VP Human Resources-To contribute the success of our customers’ by making people the competitive advantage.
Sales VP-To contribute to the success of our customers by helping them to grow and save money.
CFO-To contribute to the success of our customers by ensuring Generally Acceptable Accounting Practices and meaningful and pertinent interpretation and measurement of financial information.
VP Operations- To contribute to the success of our customers by creating and maintaining lean supply chain management and continuous improvement in production.
The company’s core purpose is: To contribute to the success of our customers by helping them to grow and save money. If you study the above job purposes in the light of this core purpose, you can see that each job’s purpose does in fact MOVE THE COMPANY FORWARD.
Reinventing the job description in this way, provides leadership with a performance “infrastructure” that will accelerate performance management. It focuses on what you want people to accomplish, not what you want them to do. It defines their responsibility to the company. It makes jobs meaningful, value added, measurable. What gets measured gets done, as the saying goes. Outcome Based© job descriptions are one important key (of FIVE that I use) to help organizations become great. While it sounds easy, it is surprisingly difficult to do.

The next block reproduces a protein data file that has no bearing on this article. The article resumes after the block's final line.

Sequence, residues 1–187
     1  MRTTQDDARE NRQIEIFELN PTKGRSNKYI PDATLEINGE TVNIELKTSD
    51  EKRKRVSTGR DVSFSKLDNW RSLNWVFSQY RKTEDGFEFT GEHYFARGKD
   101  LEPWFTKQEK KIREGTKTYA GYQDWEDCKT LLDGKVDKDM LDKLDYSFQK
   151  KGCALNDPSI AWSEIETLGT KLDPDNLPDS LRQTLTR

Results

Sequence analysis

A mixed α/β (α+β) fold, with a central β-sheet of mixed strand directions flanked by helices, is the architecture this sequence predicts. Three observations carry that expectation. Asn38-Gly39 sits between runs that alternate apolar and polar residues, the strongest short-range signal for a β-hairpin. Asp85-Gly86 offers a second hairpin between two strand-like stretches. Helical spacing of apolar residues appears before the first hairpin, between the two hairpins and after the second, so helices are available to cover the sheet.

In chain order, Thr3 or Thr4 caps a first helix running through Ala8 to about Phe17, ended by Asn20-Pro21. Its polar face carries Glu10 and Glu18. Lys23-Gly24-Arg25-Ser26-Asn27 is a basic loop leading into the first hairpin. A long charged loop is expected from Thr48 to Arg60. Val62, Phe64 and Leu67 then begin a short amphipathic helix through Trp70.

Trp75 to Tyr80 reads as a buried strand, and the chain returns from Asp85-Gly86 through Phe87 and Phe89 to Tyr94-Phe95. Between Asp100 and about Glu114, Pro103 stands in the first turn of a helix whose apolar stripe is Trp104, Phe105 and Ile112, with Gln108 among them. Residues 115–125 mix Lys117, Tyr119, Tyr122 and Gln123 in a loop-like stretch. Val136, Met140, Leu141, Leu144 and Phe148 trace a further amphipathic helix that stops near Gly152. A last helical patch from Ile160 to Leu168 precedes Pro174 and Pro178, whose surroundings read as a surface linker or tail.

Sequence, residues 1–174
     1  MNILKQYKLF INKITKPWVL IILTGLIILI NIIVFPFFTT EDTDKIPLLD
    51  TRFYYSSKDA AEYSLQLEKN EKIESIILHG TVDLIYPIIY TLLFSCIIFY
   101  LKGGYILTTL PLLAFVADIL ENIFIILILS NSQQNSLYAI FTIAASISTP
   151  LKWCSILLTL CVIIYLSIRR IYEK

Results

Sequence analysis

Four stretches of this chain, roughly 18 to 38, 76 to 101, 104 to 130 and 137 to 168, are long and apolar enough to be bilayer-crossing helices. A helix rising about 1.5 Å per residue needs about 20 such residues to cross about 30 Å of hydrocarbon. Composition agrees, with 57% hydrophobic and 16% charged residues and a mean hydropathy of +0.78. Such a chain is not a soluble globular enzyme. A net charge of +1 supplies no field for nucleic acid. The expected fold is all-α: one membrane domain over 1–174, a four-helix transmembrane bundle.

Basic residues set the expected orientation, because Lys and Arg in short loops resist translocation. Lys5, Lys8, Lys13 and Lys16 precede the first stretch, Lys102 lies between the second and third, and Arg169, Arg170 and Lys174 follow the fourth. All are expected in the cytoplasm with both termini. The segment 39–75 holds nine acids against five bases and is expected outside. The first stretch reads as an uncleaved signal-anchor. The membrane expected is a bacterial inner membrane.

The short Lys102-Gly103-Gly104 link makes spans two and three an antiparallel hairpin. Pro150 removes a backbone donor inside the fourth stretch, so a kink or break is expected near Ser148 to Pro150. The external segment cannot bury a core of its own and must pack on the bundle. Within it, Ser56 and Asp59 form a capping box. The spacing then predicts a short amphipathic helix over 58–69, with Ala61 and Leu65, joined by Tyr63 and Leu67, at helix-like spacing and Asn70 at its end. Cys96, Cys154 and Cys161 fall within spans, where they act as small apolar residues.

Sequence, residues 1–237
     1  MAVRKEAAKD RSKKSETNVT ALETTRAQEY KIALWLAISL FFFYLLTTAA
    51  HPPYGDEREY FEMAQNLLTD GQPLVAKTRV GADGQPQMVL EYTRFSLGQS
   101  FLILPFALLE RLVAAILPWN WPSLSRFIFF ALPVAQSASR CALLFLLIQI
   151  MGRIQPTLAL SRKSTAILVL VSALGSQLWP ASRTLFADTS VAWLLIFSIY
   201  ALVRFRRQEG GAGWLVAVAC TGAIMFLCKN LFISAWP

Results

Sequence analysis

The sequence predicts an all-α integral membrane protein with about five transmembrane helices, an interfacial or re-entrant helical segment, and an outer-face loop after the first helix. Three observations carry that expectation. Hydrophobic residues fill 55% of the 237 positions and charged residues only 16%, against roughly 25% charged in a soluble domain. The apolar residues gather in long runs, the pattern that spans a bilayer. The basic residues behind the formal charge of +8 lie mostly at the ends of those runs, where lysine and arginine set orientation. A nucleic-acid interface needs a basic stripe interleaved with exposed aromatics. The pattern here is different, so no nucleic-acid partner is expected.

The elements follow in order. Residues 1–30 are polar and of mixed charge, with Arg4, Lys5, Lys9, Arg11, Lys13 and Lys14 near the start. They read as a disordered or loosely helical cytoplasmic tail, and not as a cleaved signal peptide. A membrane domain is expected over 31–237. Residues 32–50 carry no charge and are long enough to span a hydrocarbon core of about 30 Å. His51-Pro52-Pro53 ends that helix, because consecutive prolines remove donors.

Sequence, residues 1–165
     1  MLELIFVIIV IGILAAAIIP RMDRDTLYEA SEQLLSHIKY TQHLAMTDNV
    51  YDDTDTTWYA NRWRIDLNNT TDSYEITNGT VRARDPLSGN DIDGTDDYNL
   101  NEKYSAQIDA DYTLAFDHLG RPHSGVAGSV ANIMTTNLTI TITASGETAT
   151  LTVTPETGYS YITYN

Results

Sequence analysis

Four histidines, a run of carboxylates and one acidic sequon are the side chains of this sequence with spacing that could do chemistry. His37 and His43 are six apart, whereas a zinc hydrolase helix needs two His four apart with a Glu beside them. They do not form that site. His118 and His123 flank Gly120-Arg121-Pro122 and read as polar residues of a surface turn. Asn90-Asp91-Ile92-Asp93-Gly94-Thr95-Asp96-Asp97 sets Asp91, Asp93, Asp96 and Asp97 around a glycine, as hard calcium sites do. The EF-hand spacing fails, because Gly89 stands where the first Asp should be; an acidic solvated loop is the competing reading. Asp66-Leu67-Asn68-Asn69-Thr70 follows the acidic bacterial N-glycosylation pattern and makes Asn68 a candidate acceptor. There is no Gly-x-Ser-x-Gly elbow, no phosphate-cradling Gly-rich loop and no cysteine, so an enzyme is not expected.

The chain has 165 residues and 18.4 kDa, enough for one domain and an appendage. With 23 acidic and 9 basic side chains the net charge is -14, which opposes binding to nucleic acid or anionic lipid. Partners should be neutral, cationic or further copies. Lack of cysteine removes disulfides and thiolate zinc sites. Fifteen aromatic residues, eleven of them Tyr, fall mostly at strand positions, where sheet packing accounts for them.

To learn how we can help your organization, visit http://www.becominggreat.com/.
Jeffrey A Pelletier, MA-